Magnetic resonance imaging is rarely performed. This examination has the advantage that it also shows a microfracture. However, this type of fracture heals spontaneously over the course of around 2 weeks.
Which therapy is suitable for an elbow fracture?
Non-displaced fractures are treated by fixation using a plaster cast or orthosis over a period of about 30 days. If the subsequent X-ray control does not yet show the beginning of callus formation, the bandage must be worn for another month.
Children may wear plaster casts for a maximum of 15 days.
With a displaced fracture of the humeral joint head, the broken fragment moves in the direction of the hand; the orthopedist must decide whether to remove the fragment or fix it with the spoke using a metal nail.
If the displaced fracture is epitrochlear or occurs at the level of the epicondyle, the fragment shifts significantly. Then the fracture must be repositioned and fixed with a metal nail.
An olecranon fracture is also treated with surgical intervention, as the triceps tendon often keeps the fracture offset and thus prevents consolidation. In this case, a border made of Kirschner wire is used to hold the fragments in the correct position. Then the whole thing is fixed with a metal plate.
Kirschner wires are not simple fiber threads, but small metal wires made of stainless steel, which are bent with pliers.
The edging serves to counteract the forces that tend to pull the bone fragments apart in order to compact the fragments among themselves.
If it is a debris fracture that cannot be repaired with surgical intervention, the surgeon may insert a bone graft from the tissue of the fibula.
Often side effects (medium to long-term consequences) of the rupture remain. Often the mobility of the elbow can not be restored to 100%. The radial or ulnar nerve can also be injured.
If the patient feels severe pain, the doctor may also prescribe medications such as nonsteroidal anti-inflammatories. However, it is better to use analgesics, since inflammation is a body reaction that favors the reconstruction of the elbow and therefore should not be hindered.
Complications of an elbow fracture
- Stiffness. In the case of a displaced and multiple fracture, diffraction and stretching are only possible to a limited extent.
- Arthrosis. Degeneration of cartilage and joint can cause pain and chronic inflammation.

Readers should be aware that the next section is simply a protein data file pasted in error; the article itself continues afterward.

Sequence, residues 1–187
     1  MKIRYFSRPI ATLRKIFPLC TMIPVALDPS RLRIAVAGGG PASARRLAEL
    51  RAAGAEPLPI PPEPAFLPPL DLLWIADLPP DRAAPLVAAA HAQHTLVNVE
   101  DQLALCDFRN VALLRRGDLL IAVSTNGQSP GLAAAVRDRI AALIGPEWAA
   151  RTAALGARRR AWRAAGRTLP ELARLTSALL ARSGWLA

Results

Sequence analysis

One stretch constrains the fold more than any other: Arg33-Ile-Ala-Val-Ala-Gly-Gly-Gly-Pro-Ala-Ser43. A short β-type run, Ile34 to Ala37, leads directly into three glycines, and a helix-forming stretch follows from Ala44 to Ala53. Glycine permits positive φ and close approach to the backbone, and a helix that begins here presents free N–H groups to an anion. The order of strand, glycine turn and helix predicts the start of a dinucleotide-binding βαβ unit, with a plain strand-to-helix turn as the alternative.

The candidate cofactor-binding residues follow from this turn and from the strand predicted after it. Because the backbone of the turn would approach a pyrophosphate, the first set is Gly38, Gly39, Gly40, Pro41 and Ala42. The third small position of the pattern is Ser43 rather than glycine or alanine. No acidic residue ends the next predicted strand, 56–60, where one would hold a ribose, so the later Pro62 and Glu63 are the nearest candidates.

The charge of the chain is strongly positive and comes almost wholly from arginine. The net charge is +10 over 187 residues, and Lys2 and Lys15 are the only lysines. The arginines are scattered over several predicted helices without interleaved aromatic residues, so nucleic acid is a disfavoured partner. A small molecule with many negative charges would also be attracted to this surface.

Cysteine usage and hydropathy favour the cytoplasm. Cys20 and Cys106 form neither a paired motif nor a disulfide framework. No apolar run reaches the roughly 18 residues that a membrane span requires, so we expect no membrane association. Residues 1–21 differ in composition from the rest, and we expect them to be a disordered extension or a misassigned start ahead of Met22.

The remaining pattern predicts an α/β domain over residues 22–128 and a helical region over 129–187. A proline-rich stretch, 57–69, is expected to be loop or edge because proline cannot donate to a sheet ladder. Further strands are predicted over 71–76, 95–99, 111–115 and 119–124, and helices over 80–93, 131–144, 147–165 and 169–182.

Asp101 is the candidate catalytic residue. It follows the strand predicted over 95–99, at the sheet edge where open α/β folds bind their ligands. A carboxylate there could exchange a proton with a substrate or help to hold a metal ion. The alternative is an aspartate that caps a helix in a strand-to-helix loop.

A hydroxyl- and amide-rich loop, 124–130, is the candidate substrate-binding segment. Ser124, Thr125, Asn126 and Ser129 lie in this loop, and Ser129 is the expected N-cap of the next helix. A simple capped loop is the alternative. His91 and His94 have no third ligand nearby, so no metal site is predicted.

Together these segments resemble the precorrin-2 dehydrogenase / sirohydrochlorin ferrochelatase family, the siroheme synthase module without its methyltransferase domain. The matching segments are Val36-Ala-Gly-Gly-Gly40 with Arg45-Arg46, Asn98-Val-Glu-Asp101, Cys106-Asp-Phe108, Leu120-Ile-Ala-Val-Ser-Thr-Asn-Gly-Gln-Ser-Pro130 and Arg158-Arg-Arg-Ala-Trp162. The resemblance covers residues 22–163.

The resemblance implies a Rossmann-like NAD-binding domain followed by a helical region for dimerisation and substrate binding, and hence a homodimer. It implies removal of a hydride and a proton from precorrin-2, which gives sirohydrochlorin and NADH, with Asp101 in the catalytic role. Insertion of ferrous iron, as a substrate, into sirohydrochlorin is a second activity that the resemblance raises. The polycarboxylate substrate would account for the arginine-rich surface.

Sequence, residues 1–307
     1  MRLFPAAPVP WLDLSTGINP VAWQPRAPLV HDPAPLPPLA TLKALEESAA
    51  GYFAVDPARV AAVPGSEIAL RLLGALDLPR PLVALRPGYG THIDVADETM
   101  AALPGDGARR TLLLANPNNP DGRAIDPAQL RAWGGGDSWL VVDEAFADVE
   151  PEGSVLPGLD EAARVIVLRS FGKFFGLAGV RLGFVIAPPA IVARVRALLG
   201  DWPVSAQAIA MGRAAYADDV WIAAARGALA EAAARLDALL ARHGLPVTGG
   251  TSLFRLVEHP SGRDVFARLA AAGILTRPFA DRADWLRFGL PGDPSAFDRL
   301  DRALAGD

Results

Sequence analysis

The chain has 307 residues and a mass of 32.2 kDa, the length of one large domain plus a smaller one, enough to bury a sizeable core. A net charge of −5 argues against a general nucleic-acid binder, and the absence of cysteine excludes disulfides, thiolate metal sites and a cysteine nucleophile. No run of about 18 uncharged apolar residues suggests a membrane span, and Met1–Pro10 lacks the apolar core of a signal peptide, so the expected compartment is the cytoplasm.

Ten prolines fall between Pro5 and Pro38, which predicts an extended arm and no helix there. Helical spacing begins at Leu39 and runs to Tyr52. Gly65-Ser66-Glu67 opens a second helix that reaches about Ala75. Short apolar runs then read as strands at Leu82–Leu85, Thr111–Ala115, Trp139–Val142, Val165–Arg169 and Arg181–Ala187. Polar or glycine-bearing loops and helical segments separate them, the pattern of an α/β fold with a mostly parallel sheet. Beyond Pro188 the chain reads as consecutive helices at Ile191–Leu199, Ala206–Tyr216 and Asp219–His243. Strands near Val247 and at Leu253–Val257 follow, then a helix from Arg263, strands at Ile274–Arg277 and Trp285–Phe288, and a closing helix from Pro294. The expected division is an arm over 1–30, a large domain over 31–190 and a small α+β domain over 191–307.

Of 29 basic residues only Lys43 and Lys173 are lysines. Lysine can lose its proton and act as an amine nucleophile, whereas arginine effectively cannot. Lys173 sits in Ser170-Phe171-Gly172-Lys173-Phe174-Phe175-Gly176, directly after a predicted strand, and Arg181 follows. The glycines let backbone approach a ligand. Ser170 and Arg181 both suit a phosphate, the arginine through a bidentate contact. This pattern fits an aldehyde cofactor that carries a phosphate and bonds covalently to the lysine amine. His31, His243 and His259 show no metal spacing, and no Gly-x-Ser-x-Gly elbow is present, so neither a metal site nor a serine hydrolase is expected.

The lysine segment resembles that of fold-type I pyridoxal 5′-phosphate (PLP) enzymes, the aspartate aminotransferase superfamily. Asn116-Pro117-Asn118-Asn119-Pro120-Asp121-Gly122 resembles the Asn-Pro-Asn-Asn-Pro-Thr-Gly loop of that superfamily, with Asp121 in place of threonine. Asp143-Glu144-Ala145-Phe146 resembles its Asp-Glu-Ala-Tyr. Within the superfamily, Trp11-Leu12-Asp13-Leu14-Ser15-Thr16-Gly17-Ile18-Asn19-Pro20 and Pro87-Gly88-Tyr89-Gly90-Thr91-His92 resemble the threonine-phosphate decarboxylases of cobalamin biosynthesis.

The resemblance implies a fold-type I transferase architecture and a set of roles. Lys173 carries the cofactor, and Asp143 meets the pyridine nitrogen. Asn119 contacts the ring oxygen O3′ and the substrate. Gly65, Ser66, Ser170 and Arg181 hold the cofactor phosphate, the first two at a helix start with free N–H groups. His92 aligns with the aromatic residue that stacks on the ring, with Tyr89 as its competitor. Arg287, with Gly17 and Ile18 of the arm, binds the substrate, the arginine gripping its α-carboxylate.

- Chronic instability. The elbow is not stable and can dislocate.
- Pseudarthrosis or poor coalescence. The fragments do not grow together or grow together in an unnatural position. This complication is especially evident if the fracture has not been treated. If the fracture has not healed after a few months, you can work with shock waves that stimulate reconstruction.
- Infection, especially with open fractures.
- Injuries to arteries and nerves, especially the ulnar nerve, which can be pinched by fibrous post-traumatic scar tissue. Symptoms include elbow pain to the fingers, tingling, loss of strength and sensitivity from the elbow to the little finger and ring finger.
What rehabilitation takes place after an elbow fracture?
Elbow fractures must be treated as soon as possible to regain mobility. The most difficult thing is to regain full flexion and extension.
The first part of physiotherapy consists in the application of magnetic therapy to promote callus formation of the bone. It can also be performed on operated patients and even with a plaster cast attached.
As soon as possible, you should start with exercises for passive rehabilitation and assisted passive rehabilitation in order to recover as well and quickly as possible.
To speed up healing, you have to work hard both passively and actively.
As soon as the pain allows, you should start building muscle.
How long does it take to heal? Prognosis
Recovery times depend on:
- the severity of the fracture,
- the complications,
- the age of the patient,
- other diseases from which the patient suffers.
With a non-displaced fracture, a young person can fully recover within 2-3 months, while in an elderly person it often takes 3-4 months.
If it is a complicated fracture with many fragments, complete healing will take more than 6 months, but the patient will no longer be able to fully bend and stretch the joint.
The full range of motion is rarely necessary in daily life. Therefore, patients can mostly live as before and also lift weights.